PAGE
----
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War Fighter on the NetBeans Platform

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War Fighter on the NetBeans Platform

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Agile Client is a NetBeans Platform application developed by Northrop Grumman in partnership with the Defense Information System Agency (DISA). It brings the war fighter a 3-D common operational picture (COP) workstation designed for greater efficiency and mission effectiveness. This efficiency is empowered by its ability to be installed and upgraded on demand. Its mission effectiveness is permitted by the ability to tailor the user’s application with only the capabilities and data they need for their specific mission. 

The interview below is with Charlie Black, who runs the team using the NetBeans Platform at Northrop Grumman.

Hi Charlie, who are you and what do you do?

My name is Charlie Black and I have worked for Northrop Grumman since 1998.  Over that time I have been working as a software engineer on a Global Command and Control System (GCCS) program supporting data fusion, dissemination and display technologies. 

I am currently running a team that uses the NetBeans Platform for a product called Agile Client, which is now part of GCCS.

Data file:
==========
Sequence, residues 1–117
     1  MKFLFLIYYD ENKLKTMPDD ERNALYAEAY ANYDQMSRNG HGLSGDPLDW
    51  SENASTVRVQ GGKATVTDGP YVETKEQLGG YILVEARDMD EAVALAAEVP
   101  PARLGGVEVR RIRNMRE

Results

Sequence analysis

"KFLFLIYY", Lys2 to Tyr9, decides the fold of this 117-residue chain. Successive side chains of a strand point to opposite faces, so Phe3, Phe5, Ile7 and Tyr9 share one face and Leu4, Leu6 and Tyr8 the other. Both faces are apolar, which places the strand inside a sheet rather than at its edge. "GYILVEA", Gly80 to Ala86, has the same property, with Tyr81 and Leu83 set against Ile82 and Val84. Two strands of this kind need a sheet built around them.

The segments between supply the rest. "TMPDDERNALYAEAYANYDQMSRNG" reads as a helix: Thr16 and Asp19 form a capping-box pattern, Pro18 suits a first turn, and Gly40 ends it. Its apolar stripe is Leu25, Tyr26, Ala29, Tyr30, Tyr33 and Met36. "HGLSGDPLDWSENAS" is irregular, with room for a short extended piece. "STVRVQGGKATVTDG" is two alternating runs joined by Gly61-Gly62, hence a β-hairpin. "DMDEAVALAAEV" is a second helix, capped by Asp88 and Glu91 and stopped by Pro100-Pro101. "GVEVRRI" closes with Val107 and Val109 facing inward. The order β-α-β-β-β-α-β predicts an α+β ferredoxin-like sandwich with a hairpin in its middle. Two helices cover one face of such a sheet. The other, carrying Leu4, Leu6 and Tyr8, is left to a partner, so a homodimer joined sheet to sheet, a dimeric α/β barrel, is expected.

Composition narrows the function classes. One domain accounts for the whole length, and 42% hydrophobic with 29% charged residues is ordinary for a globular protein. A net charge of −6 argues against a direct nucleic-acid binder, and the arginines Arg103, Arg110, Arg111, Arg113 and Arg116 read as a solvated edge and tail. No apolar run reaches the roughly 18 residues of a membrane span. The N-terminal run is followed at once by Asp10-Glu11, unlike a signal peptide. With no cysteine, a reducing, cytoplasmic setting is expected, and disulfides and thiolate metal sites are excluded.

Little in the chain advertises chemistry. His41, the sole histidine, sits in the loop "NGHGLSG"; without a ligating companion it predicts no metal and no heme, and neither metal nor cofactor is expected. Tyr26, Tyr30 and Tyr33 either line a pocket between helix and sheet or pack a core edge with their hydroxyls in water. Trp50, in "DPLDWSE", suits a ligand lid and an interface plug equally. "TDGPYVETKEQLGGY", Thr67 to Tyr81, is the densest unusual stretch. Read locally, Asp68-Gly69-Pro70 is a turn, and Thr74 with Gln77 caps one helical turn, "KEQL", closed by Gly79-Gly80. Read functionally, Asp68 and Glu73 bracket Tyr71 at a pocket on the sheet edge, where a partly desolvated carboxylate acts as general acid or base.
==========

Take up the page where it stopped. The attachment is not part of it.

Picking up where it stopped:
Team: Greg Gibsen, Charlie Black, Brice Bingman and James Maloney

What are the technical specifics of Agile Client?

The Agile Client uses several commercial off the shelf (COTS) products that make up its core feature set:

  • It uses the NetBeans Platform, which provides the services common to almost all large desktop applications: window management, menus, settings and storage, an update manager, and file access.

  • For map and visual rendering, Agile Client uses NASA’s World Wind product, enabling the retrieval of geospatial data via open standards that are embraced by the international community.

  • For providing data services, Agile Client uses Gemstone GemFire, which provides ultra low-latency distributed caching with high availability and no data loss.

Here's a screenshot of Agile Client in action:

Agile Client is also integrated with GCCS COP Collaboration. This allows one or more war fighters to work simultaneously on a single map. They can collaboratively create GCCS Overlays, share files and communicate by instant messaging and Voice over IP. This is all done with the Extensible Messaging and Presence Protocol (XMPP), which is a set of open XML technologies for presence and real-time communication.

What are the two or three things that you are happiest about, relating to this application?

  • Since the NetBeans Platform is based on standard Java UI technologies, we are able to integrate existing Java windows directly, without any issues. This has accelerated our development substantially.  

  • Using Sun UI guidelines and reusable components in any new development, we have actually made an application that is embraced by our customers as looking modern.

Underneath this application is the NetBeans Platform. Why?